To help incubate a thriving energy storage ecosystem in the U.S. and more broadly, RMI is exploring partnership opportunities with regulators, utilities, and energy storage companies to fully understand the costs and benefits of energy storage (analogous to the effort RMI embarked upon two years ago with our similar study on distributed PV). Over the next year, we hope to help utilities better understand how distributed energy storage can reduce costs on distribution systems in order to drive regulatory change and open up entire new markets for distributed storage.

Cost-effective distributed energy storage is capable of helping electricity systems transform into low-carbon, secure, and reliable backbones of communities large and small. By focusing on the cost and value sides of the energy storage industry, we hope to help this technology reach unprecedented scale and contribute to RMI’s vision of the electricity future. We encourage you to check in on RMI’s efforts in the energy storage space here on our blog and feel free to let us know what you think in the comments below.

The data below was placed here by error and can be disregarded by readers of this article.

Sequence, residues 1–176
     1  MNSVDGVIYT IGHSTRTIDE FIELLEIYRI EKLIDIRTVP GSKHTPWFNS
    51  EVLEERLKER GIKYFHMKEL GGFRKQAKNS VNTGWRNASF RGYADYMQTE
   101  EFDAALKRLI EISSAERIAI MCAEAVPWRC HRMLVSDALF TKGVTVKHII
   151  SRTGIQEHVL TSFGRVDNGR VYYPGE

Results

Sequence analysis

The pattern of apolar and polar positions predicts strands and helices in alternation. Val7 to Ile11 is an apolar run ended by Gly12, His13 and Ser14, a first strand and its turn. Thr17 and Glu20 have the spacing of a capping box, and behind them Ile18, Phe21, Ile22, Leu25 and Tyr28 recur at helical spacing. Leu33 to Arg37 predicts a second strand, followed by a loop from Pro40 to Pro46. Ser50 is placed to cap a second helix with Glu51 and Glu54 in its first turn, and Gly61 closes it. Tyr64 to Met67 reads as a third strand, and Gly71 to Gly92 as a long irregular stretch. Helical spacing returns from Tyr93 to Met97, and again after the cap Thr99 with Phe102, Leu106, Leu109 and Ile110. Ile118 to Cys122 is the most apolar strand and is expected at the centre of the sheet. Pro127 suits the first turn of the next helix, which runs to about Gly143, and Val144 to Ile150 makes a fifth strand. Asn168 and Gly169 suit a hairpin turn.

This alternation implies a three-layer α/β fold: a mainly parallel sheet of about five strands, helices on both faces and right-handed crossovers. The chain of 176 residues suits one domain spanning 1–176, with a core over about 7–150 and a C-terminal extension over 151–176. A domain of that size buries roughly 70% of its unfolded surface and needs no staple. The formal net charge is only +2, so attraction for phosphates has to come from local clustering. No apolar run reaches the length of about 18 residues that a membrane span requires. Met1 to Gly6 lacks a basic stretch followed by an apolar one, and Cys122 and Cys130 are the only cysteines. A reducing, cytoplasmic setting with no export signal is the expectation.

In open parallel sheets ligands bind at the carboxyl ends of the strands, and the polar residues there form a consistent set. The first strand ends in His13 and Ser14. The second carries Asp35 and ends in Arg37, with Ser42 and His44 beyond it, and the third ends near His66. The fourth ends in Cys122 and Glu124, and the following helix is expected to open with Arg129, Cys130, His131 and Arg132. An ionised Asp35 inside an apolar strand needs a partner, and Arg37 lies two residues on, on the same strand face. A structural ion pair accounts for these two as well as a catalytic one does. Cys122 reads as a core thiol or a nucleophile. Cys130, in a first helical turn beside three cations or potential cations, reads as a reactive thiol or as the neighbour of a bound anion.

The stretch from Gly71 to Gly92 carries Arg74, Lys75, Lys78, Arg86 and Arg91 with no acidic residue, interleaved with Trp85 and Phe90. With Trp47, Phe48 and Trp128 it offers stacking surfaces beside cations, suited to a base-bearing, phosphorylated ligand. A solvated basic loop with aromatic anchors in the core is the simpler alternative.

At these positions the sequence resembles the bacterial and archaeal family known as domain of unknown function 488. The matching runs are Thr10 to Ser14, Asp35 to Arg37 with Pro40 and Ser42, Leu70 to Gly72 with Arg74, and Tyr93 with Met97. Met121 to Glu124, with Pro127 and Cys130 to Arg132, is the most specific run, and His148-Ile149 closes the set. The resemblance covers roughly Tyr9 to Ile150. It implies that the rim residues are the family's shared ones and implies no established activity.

Download the Battery Balance of System Charrette: Post-Charrette Report Here.
 

 

Showing 1-3 of 3 comments

February 5, 2015